And no, with both After-School Tea Time and Girls Dead Monster, I have no idea what they're singing about, as I don't speak Japanese :P


As for Steins;Gate, I've only watched the first half, since the other half will be released this December.

So this sci-fi anime delves into time-travel by what is probably the strangest method I've seen yet - microwaved bananas.  Yes, I'm serious.  And the bananas go all green and gross, so they won't be using them for banana loaf if that's what you're worried about.
There's also a direct reference to the Doctor Who series in the second episode (the girl mentions bouncing through time in a blue police box), which of course adds to the awesomeness of the series, even if it's only the one mention.  In any case,  the build-up in the first 12 episodes is slow enough, yet intriguing enough, that the half-season "finale" catches you off-guard completely.  At least, it caught me off-guard.
Also, the trailers for Part 2 that dubbing/media company Funimation have been releasing on YouTube actually give me goosebumps - the show changes pace completely, taking a much darker and serious tone which I'm positive will be, for lack of a better set of words, seriously freakin'-awesomely epic.  In fact I'm looking forward to those twelve episodes more than I'm looking forward to watching the 24-episode-long Seasons 2 and 3 of Shakugan no Shana.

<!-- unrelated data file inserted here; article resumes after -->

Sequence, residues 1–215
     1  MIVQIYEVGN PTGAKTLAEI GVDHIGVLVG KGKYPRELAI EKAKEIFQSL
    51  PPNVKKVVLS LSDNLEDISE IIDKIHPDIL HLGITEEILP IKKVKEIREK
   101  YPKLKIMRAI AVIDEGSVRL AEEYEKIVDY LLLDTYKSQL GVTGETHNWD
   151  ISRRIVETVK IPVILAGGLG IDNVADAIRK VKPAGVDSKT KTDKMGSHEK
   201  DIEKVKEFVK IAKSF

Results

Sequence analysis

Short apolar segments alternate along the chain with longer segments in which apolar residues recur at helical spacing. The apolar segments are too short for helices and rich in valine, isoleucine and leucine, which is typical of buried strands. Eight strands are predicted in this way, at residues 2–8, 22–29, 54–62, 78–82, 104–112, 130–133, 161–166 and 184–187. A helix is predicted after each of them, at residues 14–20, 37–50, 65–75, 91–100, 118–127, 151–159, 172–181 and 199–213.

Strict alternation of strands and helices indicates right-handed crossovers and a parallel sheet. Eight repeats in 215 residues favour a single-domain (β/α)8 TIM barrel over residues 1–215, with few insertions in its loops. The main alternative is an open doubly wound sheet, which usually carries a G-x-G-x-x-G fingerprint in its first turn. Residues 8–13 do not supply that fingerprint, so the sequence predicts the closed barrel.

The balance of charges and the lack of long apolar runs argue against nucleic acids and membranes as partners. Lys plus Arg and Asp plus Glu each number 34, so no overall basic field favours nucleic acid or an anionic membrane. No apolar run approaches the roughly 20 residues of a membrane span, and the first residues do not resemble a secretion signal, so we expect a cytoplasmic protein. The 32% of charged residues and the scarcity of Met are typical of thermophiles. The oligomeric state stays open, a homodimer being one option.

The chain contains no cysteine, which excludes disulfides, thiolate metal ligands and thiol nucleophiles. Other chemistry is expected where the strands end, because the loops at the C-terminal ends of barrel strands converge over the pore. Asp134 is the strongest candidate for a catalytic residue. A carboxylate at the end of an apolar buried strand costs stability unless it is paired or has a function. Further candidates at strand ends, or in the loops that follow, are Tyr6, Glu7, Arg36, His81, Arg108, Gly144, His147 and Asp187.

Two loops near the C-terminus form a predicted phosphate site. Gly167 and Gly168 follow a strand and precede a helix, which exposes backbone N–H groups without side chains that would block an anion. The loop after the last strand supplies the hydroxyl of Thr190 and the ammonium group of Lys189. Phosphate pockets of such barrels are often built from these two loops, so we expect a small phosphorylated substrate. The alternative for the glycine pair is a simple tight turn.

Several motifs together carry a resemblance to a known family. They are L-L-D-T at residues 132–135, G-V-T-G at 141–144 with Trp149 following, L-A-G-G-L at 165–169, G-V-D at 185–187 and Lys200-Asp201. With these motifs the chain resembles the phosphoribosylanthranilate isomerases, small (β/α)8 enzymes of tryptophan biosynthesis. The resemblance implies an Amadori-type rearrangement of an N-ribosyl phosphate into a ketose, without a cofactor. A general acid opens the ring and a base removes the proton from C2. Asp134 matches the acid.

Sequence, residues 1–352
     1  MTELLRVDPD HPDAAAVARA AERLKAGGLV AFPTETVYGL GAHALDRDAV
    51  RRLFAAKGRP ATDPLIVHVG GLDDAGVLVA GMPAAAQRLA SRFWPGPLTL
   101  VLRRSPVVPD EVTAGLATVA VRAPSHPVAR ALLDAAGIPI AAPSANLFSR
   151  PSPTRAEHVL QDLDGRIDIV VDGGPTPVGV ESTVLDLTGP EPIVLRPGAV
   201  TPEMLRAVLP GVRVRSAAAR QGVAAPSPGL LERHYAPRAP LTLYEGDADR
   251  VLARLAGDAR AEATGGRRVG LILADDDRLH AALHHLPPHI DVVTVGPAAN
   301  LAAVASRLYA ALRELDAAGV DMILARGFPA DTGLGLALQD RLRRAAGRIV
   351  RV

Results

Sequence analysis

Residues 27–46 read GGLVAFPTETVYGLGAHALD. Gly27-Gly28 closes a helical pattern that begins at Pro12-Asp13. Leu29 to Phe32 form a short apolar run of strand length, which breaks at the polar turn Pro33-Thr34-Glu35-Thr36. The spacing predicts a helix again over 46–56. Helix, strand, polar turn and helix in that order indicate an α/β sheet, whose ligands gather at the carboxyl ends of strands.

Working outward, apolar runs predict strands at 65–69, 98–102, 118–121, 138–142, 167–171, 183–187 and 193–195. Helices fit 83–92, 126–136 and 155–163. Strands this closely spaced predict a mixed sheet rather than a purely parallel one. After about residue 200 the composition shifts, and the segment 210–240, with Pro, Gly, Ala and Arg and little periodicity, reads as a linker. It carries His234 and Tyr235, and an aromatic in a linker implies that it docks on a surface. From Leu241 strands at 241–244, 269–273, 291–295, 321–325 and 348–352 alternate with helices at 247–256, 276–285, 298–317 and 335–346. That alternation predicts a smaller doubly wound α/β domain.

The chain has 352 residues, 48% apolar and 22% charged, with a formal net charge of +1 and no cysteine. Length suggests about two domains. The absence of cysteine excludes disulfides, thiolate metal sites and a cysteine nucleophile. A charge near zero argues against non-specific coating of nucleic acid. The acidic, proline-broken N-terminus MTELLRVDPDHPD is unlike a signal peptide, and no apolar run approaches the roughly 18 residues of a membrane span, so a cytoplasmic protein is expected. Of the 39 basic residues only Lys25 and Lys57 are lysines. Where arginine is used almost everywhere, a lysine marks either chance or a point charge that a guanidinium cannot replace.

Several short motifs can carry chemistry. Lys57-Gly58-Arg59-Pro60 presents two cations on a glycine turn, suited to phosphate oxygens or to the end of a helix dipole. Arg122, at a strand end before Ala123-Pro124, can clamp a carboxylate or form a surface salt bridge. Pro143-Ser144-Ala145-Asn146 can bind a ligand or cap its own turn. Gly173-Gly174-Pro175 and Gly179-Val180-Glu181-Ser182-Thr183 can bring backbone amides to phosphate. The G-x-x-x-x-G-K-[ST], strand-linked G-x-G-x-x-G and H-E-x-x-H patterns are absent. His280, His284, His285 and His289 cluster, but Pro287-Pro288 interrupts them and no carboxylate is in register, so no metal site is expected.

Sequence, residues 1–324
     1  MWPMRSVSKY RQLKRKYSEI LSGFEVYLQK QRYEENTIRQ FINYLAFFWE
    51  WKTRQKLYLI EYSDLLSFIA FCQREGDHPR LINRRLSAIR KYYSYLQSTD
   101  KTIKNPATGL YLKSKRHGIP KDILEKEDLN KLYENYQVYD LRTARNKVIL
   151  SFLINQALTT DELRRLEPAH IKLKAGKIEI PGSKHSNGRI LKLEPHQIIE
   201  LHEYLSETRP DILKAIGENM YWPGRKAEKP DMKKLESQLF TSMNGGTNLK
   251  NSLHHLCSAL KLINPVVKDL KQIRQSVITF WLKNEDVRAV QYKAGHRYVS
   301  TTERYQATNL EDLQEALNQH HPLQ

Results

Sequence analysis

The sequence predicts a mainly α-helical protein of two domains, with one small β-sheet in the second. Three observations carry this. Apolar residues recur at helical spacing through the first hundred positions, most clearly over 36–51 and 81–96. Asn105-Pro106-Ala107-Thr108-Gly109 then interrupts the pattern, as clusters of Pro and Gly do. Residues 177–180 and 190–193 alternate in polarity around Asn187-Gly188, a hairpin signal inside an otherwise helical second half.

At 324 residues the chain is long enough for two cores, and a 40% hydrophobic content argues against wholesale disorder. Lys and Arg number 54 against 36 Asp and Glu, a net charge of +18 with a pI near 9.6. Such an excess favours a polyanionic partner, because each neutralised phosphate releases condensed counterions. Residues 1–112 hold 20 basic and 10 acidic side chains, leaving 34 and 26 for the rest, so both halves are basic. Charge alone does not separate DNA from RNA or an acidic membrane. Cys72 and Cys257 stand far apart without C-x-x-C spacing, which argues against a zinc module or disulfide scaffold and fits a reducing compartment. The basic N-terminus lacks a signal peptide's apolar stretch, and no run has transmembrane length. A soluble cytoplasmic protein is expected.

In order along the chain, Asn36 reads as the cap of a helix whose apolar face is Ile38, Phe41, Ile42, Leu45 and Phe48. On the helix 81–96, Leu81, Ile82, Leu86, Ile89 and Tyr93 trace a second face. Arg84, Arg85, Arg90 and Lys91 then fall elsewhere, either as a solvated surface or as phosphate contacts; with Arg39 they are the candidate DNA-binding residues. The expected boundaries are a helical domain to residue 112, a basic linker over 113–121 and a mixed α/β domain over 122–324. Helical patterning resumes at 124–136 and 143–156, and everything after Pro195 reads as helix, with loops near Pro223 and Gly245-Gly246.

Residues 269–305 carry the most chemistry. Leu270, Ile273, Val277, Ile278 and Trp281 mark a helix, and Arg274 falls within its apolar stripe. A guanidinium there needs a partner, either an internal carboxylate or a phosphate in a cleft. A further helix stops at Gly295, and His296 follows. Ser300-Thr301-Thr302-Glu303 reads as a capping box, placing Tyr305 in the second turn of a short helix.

So, that's pretty much all I can think of at the moment.  Like I mentioned waaay up top, I also have another post planned concerning a recently-completed project, which I'll be posting about soon.

See you later, and Blend On!

EDIT - I just realized I forgot to include that list of anime I mentioned earlier.  They are as follows (chronologically):

-  Nyoron-Churuya
-  The Melancholy of Haruhi-chan Suzumiya
-  The Melancholy of Haruhi Suzumiya Season 1 (the actual series this time)
-  The Melancholy of Haruhi Suzumiya Season 2 (proud two-time Endless Eight survivor!)
-  Lucky Star
-  Shakugan no Shana Season 1
-  K-On!
-  K-On!! (season 2)
-  Angel Beats!
-  Steins;Gate (part 1)

I've got quite a few others on my to-watch list  /nod